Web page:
Even when I am not doing anything on my Mac, I see a lot of Disk IO: "Data Written per Sec" in Activity Monitor showns continuous writes:

Disk Activity

Is this normal? Why would some process continuously write? I understand there can be some housekeeping activities going on, the "Sleep image" being updated, but does this happen this frequently? (I have not set up Time Machine)

Edit: I have quite some free memory:

Memory Usage

  • Can you share a screenshot of what's running under My Processes in Activity Monitor? – bg2011 Sep 1 '11 at 8:41
  • Now (when I am back home from work) I see that the activity has come down (peak is around 900 KB/s). What was open in the morning is open now: Twitter App, Chrome and text edit (no changes made there. I typed something 4 days ago that I want to remember, but too lazy to save, and to think where to save) – Nivas Sep 1 '11 at 15:40
  • Will post a screenshot when I see a similar scenario. If I dont, will close this Q. – Nivas Sep 1 '11 at 15:41

You can get a better idea what's causing the activity with some of OS X's command-line tools:

sudo iotop -- display of what processes are doing the most I/O, updated every 5 secs.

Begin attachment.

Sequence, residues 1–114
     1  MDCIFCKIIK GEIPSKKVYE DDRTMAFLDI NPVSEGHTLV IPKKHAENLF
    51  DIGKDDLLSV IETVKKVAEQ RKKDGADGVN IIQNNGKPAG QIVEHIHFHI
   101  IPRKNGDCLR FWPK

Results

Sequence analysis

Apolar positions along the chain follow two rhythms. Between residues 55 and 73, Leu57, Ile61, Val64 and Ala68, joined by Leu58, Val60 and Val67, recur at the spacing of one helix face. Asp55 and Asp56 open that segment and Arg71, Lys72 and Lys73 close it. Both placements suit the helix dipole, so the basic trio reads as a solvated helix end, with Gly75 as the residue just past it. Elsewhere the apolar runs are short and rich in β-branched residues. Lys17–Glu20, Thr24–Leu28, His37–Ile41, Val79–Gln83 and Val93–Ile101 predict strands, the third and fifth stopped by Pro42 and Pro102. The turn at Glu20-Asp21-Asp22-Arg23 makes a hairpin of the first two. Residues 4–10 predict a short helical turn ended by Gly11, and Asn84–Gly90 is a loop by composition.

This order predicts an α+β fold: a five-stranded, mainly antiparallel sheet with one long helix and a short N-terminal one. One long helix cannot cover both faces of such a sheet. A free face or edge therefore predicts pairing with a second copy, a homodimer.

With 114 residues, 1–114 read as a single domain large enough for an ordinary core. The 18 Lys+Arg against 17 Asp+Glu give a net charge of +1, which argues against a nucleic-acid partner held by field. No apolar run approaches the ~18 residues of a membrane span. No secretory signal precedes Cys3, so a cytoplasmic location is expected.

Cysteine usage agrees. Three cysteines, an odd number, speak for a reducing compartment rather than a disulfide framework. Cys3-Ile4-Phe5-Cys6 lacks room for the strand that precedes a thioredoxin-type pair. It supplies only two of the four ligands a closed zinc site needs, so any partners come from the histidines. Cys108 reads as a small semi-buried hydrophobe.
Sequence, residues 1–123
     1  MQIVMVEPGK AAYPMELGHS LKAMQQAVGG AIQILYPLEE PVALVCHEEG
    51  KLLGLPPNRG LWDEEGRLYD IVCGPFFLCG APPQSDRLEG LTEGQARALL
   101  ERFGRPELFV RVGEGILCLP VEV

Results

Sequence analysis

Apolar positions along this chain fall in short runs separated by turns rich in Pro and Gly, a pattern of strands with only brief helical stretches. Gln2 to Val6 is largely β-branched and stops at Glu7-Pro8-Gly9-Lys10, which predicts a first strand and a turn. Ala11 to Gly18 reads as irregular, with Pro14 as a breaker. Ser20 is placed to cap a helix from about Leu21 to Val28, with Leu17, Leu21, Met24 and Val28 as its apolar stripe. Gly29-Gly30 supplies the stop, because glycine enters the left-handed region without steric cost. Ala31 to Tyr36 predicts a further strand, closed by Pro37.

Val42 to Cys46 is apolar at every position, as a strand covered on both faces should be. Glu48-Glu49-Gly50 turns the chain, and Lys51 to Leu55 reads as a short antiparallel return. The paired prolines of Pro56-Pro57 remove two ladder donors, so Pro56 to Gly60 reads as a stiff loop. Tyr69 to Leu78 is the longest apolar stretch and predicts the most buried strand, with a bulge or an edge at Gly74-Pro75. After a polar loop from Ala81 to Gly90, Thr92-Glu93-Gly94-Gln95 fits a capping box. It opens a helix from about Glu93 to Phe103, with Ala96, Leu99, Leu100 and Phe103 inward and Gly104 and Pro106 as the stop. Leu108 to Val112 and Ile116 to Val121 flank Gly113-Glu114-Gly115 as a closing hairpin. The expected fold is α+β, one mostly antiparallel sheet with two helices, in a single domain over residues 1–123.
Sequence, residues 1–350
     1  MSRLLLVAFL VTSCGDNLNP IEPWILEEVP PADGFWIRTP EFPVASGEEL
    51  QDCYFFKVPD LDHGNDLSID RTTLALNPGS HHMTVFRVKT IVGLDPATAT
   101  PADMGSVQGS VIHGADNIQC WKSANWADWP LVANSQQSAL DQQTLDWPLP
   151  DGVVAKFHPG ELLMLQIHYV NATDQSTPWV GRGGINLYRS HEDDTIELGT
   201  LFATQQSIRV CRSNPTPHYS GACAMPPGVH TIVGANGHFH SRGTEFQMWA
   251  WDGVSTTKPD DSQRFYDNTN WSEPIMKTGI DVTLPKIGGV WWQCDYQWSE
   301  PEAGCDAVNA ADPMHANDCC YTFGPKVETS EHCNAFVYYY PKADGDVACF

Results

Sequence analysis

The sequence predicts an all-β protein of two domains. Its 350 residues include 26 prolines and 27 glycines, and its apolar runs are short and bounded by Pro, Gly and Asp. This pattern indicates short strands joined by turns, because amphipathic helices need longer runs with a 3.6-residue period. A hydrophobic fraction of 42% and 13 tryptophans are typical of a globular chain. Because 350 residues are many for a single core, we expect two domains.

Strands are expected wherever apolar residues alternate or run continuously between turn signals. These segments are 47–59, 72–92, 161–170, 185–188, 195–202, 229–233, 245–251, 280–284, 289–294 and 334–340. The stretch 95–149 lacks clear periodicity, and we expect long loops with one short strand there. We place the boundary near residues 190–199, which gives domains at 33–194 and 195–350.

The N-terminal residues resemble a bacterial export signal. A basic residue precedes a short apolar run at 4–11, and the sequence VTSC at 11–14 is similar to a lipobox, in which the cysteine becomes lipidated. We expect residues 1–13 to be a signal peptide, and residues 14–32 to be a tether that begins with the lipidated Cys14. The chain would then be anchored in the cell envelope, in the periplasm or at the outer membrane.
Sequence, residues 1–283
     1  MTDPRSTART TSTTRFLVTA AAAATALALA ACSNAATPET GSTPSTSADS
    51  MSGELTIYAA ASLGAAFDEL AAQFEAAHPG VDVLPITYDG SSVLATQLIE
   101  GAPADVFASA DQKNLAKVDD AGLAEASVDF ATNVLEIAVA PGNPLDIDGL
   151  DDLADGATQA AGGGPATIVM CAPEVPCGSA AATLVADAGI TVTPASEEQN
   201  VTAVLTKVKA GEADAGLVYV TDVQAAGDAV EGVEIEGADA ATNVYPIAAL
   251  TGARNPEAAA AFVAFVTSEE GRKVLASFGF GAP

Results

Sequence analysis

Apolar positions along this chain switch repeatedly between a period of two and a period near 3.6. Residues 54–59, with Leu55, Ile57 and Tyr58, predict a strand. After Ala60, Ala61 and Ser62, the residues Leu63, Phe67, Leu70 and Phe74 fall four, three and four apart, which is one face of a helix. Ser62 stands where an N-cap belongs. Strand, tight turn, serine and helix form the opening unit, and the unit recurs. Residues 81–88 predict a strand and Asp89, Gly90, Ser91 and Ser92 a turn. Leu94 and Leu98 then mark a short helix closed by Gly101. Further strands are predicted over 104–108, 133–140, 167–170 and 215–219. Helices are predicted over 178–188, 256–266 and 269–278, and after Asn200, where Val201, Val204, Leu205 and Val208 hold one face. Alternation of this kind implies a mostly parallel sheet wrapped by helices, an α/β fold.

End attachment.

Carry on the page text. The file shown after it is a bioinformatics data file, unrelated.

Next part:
sudo iosnoop -- shows I/O as it happens, including the process ID and process name doing the I/O, as well as data size, file path, etc

In both cases, you'll need to authenticate as an admin to run them, and use Control-C to exit. They may not tell you precisely why the activity's happening, but they'll at least tell you what processes and files are involved, which usually narrows it down considerably.


In addition to iotop and iosnoop you may use fs_usage.

sudo fs_usage -w -f filesys -e grep  | grep -i ' write '
  • 1
    This is a great answer. I would love it if you edited the highest scoring answer once you have the reputation to add this - it makes that answer much more complete. – bmike Feb 8 '12 at 17:04

A few things: (Written in bullet points to make it concise)

  • The OS itself writes.
  • Open applications write.
  • Browsers write as well, in the case of cookies, and when your RAM is maxed out.
  • Yes, I understand these. But how frequently? I have a lot of free RAM: Now around 5GB (added this detail to question as well) – Nivas Sep 1 '11 at 6:14
  • Every second the computer is on. Computers always write to disk all the time. – JFW Sep 2 '11 at 7:25
  • mega bytes every second? – Nivas Sep 2 '11 at 7:55
  • Depends on what OS you're using, what applications are open, ... – JFW Sep 2 '11 at 15:29

I believe you should be able to use lsof to check what processes are writing to the disk. Here's the man page for it.

  • lsof is a 'snapshot' based utility that shows everything going on within a few seconds time. IF you don't run it at the precise moment that the I/O is taking place, you'll miss it. OS X's utilities (iotop and iosnoop and numerous other users have answered with) are live/refreshing and very customizable utilities that I (IMO/personally) vastly prefer. – Jason Salaz Feb 8 '12 at 16:57

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